College sports in the United States have an incredible history, with countless student-athletes making their mark on the sporting world. For many young athletes, securing a sports scholarship is the key to unlocking a college education while pursuing their athletic dreams. However, navigating the world of college sports can be daunting, with so many different governing bodies and scholarship opportunities available. In this blog post, we will explore the key differences between the NCAA, the NAIA, and the NJCAA collegiate governing bodies to help aspiring student-athletes make informed decisions about their future.
For our signed athletes at EWBA our expert team is there to support each athlete and ensure they end up competing for a school in a governing body and division that is the right fit for them both academically and athletically. Also, remember your degree is from where you finish not where you start so it might be that you start competing under one governing body or in a certain division and then move on to another once you have proven yourself at that particular college level.
National Collegiate Athletic Association (NCAA)
The National Collegiate Athletic Association, or NCAA, is the largest and most well-known governing body for college sports in the United States. Founded in 1906, the NCAA has over 1,100 member schools across three divisions, representing a wide range of sports, including basketball, football, and baseball etc.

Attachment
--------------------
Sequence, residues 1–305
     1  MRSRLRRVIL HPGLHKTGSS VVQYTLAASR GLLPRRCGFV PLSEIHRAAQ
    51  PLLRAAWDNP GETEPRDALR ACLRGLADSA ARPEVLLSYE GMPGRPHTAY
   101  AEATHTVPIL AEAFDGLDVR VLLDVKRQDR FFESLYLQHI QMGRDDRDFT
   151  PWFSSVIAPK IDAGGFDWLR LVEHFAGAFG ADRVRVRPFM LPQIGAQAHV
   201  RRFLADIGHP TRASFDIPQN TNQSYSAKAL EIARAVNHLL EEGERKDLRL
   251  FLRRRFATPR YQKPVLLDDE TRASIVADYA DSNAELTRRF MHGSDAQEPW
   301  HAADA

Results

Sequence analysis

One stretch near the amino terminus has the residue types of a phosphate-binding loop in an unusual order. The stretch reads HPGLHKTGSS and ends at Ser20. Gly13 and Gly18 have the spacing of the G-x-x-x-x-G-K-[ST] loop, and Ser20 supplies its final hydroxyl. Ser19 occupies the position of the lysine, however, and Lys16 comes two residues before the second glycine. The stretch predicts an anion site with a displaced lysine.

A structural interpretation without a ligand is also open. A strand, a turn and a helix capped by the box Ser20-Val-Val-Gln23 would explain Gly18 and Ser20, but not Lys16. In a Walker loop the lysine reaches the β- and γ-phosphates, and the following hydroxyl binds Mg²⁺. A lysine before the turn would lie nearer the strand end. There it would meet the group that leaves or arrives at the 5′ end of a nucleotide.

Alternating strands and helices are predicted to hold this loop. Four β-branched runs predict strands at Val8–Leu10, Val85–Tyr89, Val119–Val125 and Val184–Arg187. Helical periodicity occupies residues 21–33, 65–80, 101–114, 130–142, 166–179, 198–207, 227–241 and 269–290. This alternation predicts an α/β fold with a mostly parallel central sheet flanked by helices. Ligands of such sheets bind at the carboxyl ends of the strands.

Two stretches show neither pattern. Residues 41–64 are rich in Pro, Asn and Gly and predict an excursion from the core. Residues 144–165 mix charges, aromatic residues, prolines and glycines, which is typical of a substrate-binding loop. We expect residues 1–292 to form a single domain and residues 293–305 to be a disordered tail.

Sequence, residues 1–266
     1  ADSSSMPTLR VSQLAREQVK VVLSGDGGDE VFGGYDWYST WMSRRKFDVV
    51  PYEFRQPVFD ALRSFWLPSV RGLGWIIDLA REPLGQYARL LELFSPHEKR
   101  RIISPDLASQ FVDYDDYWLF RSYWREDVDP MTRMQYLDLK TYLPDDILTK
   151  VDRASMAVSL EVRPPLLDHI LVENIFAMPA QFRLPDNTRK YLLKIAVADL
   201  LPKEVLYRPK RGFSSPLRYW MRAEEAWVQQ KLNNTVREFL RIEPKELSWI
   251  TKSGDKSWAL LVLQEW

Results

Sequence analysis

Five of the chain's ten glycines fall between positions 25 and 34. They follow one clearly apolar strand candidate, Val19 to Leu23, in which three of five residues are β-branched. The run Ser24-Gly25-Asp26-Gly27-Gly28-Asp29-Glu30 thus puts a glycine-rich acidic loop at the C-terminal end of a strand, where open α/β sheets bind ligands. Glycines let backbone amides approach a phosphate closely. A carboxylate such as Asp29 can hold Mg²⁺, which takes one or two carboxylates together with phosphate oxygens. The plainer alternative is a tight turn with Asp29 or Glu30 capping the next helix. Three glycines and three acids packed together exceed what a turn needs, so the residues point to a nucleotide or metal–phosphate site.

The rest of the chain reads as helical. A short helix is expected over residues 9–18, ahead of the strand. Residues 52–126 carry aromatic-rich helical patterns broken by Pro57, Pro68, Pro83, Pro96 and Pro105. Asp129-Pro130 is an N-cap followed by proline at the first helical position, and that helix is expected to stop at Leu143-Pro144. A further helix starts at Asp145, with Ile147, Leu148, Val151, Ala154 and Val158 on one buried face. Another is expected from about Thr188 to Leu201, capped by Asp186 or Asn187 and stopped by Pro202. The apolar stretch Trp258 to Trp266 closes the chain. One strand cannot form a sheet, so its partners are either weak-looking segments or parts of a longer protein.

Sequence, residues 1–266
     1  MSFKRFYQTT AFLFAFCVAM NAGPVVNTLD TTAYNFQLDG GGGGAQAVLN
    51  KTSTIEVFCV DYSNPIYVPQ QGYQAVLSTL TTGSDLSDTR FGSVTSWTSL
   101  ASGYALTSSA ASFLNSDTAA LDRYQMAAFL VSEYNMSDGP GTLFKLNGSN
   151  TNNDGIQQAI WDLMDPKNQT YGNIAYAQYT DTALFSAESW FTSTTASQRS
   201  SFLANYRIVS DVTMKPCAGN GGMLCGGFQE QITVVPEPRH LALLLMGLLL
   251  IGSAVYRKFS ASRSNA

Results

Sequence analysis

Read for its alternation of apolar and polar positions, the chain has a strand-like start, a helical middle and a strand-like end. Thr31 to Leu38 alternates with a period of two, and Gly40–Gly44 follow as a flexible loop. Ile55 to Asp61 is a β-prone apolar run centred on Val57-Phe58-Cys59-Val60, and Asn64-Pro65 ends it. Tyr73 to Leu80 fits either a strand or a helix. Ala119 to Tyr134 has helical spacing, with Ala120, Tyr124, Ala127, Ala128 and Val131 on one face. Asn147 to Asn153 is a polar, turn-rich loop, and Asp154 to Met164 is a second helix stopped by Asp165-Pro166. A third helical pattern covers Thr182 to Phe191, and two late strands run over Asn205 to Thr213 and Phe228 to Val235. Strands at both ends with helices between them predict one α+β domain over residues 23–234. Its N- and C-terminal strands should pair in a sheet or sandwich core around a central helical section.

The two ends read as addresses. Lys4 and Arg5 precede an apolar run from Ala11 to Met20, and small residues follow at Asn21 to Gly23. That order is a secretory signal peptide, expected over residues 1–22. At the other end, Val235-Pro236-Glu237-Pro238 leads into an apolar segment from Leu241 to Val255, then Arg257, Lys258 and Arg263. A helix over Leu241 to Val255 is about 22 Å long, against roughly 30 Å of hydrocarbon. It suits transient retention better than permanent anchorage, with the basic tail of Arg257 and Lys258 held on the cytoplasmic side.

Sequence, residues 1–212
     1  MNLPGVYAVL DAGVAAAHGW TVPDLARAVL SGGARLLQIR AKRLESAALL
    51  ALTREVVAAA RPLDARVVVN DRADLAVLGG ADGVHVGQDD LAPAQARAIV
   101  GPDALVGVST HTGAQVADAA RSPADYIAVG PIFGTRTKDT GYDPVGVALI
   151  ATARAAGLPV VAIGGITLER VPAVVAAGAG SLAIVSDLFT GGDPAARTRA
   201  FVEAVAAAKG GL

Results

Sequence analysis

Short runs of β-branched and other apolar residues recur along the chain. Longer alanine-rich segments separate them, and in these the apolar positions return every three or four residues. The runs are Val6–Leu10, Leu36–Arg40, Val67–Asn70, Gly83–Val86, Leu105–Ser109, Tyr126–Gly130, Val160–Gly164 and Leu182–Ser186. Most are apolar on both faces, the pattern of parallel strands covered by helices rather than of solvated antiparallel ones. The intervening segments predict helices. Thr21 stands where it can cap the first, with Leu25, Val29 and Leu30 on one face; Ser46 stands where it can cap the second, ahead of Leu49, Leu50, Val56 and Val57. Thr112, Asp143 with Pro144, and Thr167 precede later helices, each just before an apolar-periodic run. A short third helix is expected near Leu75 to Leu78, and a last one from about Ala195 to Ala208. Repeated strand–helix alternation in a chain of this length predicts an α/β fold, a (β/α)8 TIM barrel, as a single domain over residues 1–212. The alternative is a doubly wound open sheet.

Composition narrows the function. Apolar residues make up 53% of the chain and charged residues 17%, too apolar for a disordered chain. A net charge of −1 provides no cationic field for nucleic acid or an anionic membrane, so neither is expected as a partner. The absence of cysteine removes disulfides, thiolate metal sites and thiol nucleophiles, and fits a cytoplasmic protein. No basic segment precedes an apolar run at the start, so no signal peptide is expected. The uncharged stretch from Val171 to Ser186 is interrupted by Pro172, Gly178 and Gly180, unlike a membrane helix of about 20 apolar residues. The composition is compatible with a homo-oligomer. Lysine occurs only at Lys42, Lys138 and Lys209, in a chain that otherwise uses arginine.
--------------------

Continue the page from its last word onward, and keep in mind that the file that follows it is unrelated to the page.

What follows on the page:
Division I: Often regarded as the highest level of competition within the NCAA, Division I schools are typically large, well-funded institutions with significant athletic programs. Scholarships at the Division I level are highly competitive, and athletes must meet rigorous academic and athletic standards to be considered for a scholarship. Division I schools can offer full-ride scholarships, which cover tuition, room and board, and other expenses. Teams can’t get relegated or promoted across divisions so worth acknowledging that just because a school has Division I status it doesn’t necessarily mean they have a strong team in your particular sport or that is a better fit than any other governing body division
Division II: Division II schools are typically slightly smaller than Division I schools, but still offer highly competitive athletic programs. Scholarships at the Division II level are also highly competitive, but athletes may be able to secure partial scholarships to cover a portion of their expenses.
Division III: Division III schools do not offer athletic scholarships, but they do offer financial aid packages to student-athletes based on their academic achievements and financial need. Division III schools are typically smaller, liberal arts institutions that prioritize academics over athletics
National Association of Intercollegiate Athletics (NAIA)
The National Association of Intercollegiate Athletics, or NAIA, is another governing body for four year college sports in the United States. Founded in 1937, the NAIA has over 250 member schools across the United States and Canada, representing a wide range of sports, including basketball, football, and soccer etc
Unlike the NCAA, the NAIA does not have divisions. Instead, the NAIA offers scholarships based on sport-specific equivalency, which means that scholarships can be split among multiple athletes in a given sport. For example, a soccer team may have 20 scholarship spots available, but those spots can be divided among 30 or more athletes on the team.
National Junior College Athletic Association (NJCAA)